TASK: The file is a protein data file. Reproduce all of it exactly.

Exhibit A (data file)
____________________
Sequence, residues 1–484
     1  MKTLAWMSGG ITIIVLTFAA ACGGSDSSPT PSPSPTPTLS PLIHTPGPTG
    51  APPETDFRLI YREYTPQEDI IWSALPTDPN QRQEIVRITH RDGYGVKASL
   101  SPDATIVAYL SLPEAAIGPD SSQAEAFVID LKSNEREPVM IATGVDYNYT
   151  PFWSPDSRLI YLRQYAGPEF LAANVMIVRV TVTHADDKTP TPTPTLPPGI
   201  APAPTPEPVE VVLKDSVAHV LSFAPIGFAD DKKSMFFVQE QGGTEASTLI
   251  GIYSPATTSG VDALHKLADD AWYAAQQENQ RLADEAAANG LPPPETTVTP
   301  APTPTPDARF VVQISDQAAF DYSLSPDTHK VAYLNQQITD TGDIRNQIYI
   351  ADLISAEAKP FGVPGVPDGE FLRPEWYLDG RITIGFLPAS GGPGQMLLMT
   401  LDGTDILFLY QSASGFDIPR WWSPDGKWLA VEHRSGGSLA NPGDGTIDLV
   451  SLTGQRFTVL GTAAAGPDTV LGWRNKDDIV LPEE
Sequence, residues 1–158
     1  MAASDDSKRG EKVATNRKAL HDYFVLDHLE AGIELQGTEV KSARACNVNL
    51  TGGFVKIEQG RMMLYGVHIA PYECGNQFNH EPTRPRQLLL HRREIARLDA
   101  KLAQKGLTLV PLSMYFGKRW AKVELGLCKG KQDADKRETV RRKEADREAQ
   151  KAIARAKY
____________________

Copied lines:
Sequence, residues 1–484
     1  MKTLAWMSGG ITIIVLTFAA ACGGSDSSPT PSPSPTPTLS PLIHTPGPTG
    51  APPETDFRLI YREYTPQEDI IWSALPTDPN QRQEIVRITH RDGYGVKASL
   101  SPDATIVAYL SLPEAAIGPD SSQAEAFVID LKSNEREPVM IATGVDYNYT
   151  PFWSPDSRLI YLRQYAGPEF LAANVMIVRV TVTHADDKTP TPTPTLPPGI
   201  APAPTPEPVE VVLKDSVAHV LSFAPIGFAD DKKSMFFVQE QGGTEASTLI
   251  GIYSPATTSG VDALHKLADD AWYAAQQENQ RLADEAAANG LPPPETTVTP
   301  APTPTPDARF VVQISDQAAF DYSLSPDTHK VAYLNQQITD TGDIRNQIYI
   351  ADLISAEAKP FGVPGVPDGE FLRPEWYLDG RITIGFLPAS GGPGQMLLMT
   401  LDGTDILFLY QSASGFDIPR WWSPDGKWLA VEHRSGGSLA NPGDGTIDLV
   451  SLTGQRFTVL GTAAAGPDTV LGWRNKDDIV LPEE
Sequence, residues 1–158
     1  MAASDDSKRG EKVATNRKAL HDYFVLDHLE AGIELQGTEV KSARACNVNL
    51  TGGFVKIEQG RMMLYGVHIA PYECGNQFNH EPTRPRQLLL HRREIARLDA
   101  KLAQKGLTLV PLSMYFGKRW AKVELGLCKG KQDADKRETV RRKEADREAQ
   151  KAIARAKY